Text and images Copyright
© 1998 - 2000 John A. Lind
is one of the common techniques used in creating an image that often goes
unnoticed by the viewer, but greatly enhances the overall composition.
This technique views the subject through or around something. The
resulting psychological effect distances the viewer from the subject, and
can create depth or enhance the feeling of being an unseen or unobtrusive
observer. Framing can also be used to provide balance or block out
part of a large expanse of bright area in the image. The first image
was taken crouched under a tree.
Instead of moving forward to eliminate the tree from the photograph, overhanging
branches were included to add depth, block out some of the bright sky and
provide balance. In the photograph of the old stone farmhouse, the
framing using a treetrunk on the left is obvious, but the rest is more
subtle. Deeply shaded close tree branches at the very top blend with
more distant branches and undergrowth in the immediate foreground.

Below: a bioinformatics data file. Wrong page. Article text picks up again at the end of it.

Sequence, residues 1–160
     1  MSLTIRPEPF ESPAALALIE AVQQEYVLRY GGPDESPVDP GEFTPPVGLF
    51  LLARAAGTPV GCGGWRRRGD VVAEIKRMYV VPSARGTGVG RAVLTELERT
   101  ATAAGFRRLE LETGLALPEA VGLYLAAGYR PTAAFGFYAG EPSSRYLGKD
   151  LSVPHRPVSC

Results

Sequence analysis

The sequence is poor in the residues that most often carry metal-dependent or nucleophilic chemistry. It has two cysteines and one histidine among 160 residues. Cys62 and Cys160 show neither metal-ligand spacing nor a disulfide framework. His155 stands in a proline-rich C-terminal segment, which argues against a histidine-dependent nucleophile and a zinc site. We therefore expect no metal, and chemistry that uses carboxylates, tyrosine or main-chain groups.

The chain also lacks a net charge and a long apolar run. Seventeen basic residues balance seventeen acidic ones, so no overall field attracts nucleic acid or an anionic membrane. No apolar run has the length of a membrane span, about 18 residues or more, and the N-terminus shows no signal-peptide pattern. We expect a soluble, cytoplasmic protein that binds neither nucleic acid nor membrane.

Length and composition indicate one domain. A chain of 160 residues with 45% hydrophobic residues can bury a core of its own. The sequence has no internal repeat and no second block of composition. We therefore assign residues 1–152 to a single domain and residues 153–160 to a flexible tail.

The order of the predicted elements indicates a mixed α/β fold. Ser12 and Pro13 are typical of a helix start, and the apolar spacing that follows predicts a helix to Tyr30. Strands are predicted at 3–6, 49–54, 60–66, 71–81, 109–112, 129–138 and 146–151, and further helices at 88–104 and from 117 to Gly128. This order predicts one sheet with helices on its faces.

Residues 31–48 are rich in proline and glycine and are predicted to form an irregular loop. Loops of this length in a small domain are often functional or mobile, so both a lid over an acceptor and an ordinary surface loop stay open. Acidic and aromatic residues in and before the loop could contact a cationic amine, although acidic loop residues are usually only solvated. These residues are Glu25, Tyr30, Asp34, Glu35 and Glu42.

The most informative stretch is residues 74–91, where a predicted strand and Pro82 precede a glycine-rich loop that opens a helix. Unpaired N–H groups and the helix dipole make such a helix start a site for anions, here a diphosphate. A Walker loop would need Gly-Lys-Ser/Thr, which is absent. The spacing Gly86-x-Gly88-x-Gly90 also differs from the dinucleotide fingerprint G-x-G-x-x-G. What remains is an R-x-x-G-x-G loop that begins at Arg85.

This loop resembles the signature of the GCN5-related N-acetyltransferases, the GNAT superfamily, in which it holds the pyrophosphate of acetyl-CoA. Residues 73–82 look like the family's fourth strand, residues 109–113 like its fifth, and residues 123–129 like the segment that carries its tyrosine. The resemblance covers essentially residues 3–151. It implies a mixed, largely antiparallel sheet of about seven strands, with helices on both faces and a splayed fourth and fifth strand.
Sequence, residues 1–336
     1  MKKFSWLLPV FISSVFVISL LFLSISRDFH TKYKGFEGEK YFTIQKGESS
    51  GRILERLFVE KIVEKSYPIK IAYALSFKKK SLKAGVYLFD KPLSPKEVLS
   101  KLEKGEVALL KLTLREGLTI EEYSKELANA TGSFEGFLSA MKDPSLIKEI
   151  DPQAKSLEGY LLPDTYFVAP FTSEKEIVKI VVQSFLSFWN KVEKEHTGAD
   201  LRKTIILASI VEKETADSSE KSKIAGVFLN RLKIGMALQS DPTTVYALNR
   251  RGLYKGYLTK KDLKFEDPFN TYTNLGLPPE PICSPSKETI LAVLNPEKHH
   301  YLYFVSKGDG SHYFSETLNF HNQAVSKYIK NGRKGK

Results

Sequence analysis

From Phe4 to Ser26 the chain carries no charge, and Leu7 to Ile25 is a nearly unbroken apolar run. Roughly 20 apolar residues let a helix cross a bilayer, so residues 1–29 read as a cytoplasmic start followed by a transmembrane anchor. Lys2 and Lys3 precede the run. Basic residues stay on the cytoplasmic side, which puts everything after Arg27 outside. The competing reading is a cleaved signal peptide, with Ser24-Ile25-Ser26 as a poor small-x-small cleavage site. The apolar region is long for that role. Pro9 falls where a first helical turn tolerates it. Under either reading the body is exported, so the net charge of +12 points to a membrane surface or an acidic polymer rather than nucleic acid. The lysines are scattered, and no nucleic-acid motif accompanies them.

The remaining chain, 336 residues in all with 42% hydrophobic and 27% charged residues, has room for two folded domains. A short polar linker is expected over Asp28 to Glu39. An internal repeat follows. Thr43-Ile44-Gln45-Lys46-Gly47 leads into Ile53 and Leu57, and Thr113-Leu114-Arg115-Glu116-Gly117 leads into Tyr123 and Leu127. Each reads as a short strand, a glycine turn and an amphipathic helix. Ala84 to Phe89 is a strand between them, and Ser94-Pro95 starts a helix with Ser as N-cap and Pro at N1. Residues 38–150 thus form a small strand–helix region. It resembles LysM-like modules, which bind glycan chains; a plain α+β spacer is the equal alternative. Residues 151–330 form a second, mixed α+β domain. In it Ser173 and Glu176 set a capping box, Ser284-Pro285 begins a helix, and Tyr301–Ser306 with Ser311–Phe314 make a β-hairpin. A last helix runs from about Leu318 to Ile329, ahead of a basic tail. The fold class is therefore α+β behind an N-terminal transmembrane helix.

The overall impression is peering at the house through layers of foliage
from a distance, which is how this image was photographed after climbing
through foot-tall undergrowth and dense wild shrubs to find this vantage
Including the closer foliage frames the house and gives the image more
depth. Framing in the third photograph of the covered bridge is obvious:
the fence section on the left, foreground riverbank at the bottom, and
treetrunk on the right. As with the other images, these add depth
to the overall image and give the viewer a sense of distance from the bridge.
In addition, the horizontal fence rails lead the eye to the subject bridge
in the distance. Framing can be (and is) often used in conjuction
with other techniques to enhance an image. (See the Lines Section
for details about how the horizontal fence rails are used as "leading lines.")